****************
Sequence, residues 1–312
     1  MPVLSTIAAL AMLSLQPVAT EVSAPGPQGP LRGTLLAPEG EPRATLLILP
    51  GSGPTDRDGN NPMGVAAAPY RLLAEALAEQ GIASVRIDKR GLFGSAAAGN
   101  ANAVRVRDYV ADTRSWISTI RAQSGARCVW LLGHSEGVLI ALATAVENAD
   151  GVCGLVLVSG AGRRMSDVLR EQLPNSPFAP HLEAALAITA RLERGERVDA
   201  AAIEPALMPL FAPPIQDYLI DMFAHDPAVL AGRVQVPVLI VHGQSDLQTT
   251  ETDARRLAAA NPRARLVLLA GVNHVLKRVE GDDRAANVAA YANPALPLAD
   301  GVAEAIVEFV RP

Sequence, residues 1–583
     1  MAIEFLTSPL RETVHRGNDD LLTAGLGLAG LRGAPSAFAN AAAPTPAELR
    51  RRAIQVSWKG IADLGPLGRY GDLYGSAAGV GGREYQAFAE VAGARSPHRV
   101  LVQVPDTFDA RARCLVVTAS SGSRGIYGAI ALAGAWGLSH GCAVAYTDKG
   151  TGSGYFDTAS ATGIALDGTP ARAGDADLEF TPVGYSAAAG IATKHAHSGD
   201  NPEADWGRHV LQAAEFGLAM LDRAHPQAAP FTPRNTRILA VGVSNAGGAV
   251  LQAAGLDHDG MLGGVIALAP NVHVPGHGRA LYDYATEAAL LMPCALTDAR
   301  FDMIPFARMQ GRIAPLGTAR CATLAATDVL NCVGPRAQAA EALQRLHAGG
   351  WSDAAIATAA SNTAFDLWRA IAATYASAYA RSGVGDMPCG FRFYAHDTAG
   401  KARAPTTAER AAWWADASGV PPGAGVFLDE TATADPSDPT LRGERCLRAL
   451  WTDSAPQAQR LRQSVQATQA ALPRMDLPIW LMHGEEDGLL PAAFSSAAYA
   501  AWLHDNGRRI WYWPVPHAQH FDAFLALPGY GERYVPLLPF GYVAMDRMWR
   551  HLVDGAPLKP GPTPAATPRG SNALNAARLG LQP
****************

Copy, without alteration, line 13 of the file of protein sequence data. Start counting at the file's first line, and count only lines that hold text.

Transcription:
   151  TGSGYFDTAS ATGIALDGTP ARAGDADLEF TPVGYSAAAG IATKHAHSGD